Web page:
NHANES protocol approved by NCHS Research Ethics Review Board, and obtained informed consent from all participants (https://www.cdc.gov/nchs/nhanes/index.htm). The Institutional Review Board at the Shanxi Provincial People’s Hospital determined the analysis used public data sets that did not constitute human subjects research, so human subjects approval was not needed.
Study design and participants
This is a cross-sectional study. The study was organized based on the list of items for the STROBE (cross-sectional studies). Trained staff conducted examinations and interviews through automated data collection where questions were sent directly to the participants or through an agent if necessary. Individuals were enrolled in NHANES data from 2013 to 2014. Inclusion criteria included participants with complete full-mouth periodontal examination (FMPE). Exclusion criteria included: (1) uncompleted with 25-hydroxyvitamin D tests; (2) aged less than 30 years old. A total of 10,175 individuals were screened, out of which 2928 individuals were sampled for the interviews.
Periodontal examination applied the FMPE protocol, which collects probe measurements from six sites per tooth for all teeth in NHANES. Accordingly, the CDC/AAP definitions were based on measures of AL and PD at the four interproximal sites per tooth  Severe periodontitis was characterized as: ≥ 2 interproximal sites with attachment loss (AL) ≥ 6 mm (not on the same tooth) and ≥ 1 interproximal site with probing depth (PD) ≥ 5 mm. Mild periodontitis, moderate periodontitis, and no periodontitis definitions were described in Additional file 1: Table S1.
Using the standard protocol, serum 25(OH)D levels were tested in blood samples collected through venipuncture at mobile examination centers (MEC). Serum 25(OH)D was measured via DiaSorin radioimmunoassay kit (Diasorin, Stillwater, MN, USA) at the National Center for Environmental Health, Center for Disease Control and Prevention. As in previous studies, the serum 25(OH)D levels were classified as normal (≥ 75 nmol/ml), insufficient (50–74.9 nmol/ml), deficient (25–49.9 nmol/ml), and severely deficient (< 25 nmol/ml) .
Potential confounding factors were selected from previous studies, including gender, race, body mass index (BMI), age, education, diabetes mellitus, marital status, smoking status, hypertension, poverty-income ratio (PIR), alcohol consumption, hypercholesterolemia, triglyceride, apolipoprotein (B), health insurance, total cholesterol, low-density lipoprotein cholesterol (LDL-c), high-density lipoprotein cholesterol (HDL-c), glycohemoglobin, and fasting blood glucose. The definitions of smoking status and alcohol consumption were based on our previous study (Additional file 1) . Patients were considered hypertensive based on a medical report or if they were on antihypertensive drugs. The diagnosis of hypercholesterolemia was based on cholesterol test results or if patients were on lipid-lowering drugs. The race was classified as other race, non-Hispanic white, non-Hispanic black, other Hispanic, or Mexican–American. Health insurance status was captured by the question: “Do you have health insurance or other kinds of health insurance?” As mentioned earlier, the household PIR is obtained by dividing the household income by the poverty criterion. A college degree or above, certain college or associate (AA) degrees, a high school graduation, or below 11th grade are classified based on educational levels. The marital status was categorized into married, separated, never married, living with a partner, divorced, or widowed.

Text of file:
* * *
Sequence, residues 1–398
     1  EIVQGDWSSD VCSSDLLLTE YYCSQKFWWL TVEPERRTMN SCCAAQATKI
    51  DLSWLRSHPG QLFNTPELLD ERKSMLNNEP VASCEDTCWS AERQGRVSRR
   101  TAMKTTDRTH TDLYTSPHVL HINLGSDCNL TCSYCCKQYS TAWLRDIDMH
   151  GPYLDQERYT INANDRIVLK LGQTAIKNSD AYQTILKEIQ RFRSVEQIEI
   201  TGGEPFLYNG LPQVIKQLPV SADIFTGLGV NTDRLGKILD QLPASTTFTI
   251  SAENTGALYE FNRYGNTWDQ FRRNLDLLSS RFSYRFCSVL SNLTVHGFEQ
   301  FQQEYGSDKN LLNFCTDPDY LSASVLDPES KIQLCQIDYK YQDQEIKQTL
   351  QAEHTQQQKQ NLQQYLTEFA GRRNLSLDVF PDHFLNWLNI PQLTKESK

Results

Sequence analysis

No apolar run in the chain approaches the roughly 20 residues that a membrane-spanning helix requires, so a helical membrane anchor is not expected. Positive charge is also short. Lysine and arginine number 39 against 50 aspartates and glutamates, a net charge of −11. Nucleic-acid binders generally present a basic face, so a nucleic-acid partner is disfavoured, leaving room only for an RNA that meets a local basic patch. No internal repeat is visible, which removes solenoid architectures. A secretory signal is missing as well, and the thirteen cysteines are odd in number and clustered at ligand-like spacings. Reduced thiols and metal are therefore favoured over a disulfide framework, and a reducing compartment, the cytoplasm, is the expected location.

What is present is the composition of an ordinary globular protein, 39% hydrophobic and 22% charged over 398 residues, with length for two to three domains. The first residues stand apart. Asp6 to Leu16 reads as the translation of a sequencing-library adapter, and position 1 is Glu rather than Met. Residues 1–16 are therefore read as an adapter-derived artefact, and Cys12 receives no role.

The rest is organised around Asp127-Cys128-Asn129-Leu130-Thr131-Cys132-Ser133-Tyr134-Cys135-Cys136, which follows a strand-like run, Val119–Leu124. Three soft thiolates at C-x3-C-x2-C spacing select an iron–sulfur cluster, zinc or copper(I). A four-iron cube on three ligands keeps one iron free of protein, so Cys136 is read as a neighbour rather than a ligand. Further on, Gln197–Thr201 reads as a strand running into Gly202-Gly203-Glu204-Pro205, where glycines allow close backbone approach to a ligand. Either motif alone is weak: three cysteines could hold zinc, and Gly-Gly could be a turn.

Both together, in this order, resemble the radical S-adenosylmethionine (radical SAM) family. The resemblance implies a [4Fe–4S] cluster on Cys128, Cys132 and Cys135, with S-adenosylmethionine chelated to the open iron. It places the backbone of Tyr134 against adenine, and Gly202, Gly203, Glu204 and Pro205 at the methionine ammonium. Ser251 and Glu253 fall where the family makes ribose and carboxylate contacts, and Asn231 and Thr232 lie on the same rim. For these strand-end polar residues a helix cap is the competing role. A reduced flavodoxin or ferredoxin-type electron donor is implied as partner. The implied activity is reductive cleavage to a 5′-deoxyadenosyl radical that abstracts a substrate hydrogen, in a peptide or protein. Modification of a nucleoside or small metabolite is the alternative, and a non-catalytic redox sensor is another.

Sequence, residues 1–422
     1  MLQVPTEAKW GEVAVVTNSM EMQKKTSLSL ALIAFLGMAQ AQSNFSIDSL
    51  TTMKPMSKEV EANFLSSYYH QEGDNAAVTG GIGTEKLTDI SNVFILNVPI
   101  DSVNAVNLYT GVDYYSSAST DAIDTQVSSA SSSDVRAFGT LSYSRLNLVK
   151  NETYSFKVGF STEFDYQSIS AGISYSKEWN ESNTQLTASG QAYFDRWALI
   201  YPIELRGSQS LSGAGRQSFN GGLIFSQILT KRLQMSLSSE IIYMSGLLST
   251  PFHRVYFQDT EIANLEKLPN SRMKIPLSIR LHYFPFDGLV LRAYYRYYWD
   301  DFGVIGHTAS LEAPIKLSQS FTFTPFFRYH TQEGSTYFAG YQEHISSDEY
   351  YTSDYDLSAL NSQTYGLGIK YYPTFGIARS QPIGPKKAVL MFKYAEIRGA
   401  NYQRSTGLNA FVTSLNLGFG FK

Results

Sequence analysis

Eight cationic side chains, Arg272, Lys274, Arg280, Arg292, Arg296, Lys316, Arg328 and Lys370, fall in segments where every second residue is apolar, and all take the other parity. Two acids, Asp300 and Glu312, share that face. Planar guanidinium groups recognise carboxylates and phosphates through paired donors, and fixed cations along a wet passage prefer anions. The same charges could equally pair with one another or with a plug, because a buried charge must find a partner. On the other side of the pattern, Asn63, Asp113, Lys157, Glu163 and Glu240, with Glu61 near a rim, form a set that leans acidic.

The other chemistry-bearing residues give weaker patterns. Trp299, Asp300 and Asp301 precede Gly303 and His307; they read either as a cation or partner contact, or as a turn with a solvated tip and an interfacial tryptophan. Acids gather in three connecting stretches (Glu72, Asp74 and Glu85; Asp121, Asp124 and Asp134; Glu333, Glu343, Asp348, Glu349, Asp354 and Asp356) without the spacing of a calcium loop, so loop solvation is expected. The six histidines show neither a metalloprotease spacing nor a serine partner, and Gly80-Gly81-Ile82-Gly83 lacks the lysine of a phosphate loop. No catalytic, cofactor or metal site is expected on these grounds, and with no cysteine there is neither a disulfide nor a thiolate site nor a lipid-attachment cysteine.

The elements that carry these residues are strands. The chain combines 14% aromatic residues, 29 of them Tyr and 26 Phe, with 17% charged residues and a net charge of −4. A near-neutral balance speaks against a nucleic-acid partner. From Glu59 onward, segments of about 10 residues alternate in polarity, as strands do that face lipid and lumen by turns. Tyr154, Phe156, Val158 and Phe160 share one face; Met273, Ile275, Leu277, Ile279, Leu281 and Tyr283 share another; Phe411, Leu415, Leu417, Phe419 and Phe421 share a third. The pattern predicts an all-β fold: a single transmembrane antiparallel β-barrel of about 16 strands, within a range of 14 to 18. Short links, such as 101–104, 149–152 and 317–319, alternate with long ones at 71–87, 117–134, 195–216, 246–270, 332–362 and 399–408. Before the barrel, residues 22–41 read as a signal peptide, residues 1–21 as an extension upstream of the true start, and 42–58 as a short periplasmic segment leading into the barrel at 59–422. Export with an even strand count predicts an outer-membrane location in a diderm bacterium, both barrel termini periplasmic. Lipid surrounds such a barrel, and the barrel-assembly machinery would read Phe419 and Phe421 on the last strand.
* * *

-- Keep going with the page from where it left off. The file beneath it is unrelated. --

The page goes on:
Baseline characteristics were analyzed using means, standard errors (SE), median (min–max), percentages, or frequencies. Continuous variables were compared using analysis of variance (ANOVA) for normally distributed variables, and non-parametric test for not fit the normal distribution. Categorical variables were analyzed using the Chi-square test. We adjusted the p value of multiple groups testing to perform the large number of tests by Bonferroni correction. The effect of 25(OH)D on the severe periodontal disease was examined using multiple logistic regression model. Model I: no adjustment, Model II: adjusted for gender and age, and Model III: adjusted for age, BMI, hypertension, gender, marital status, alcohol consumption, education level, race/Hispanic origin, apolipoprotein (B), hypercholesterolemia, glycohemoglobin, HDL-C, health insurance, total cholesterol, triglyceride, LDL-C, and smoking status. Further, converting classification variables of 25(OH)D to continuous variables to perform tests for linear trend for robust analysis in the models. To account for 25(OH)D as a continuous variable, the effect value for severe periodontitis per increase in 25(OH)D per standard deviation (SD) was determined. a smooth curve fitting and a generalized additive model was established to address the association of severe periodontitis and 25(OH)D. When nonlinearity is detected, the recursive algorithm is first used to calculate the inflection point, and then a two-segment linear regression model is built on both sides of the inflection point. Interaction and stratified analyses were performed based on all variables outlined in Table 1. Subgroup analysis was performed to assess the potential effect of unmeasured confounding variables. R (http://www.R-project.org) and Empower-Stats were used for all analyses. Two-sided p values < 0.05 were considered statistically significant.
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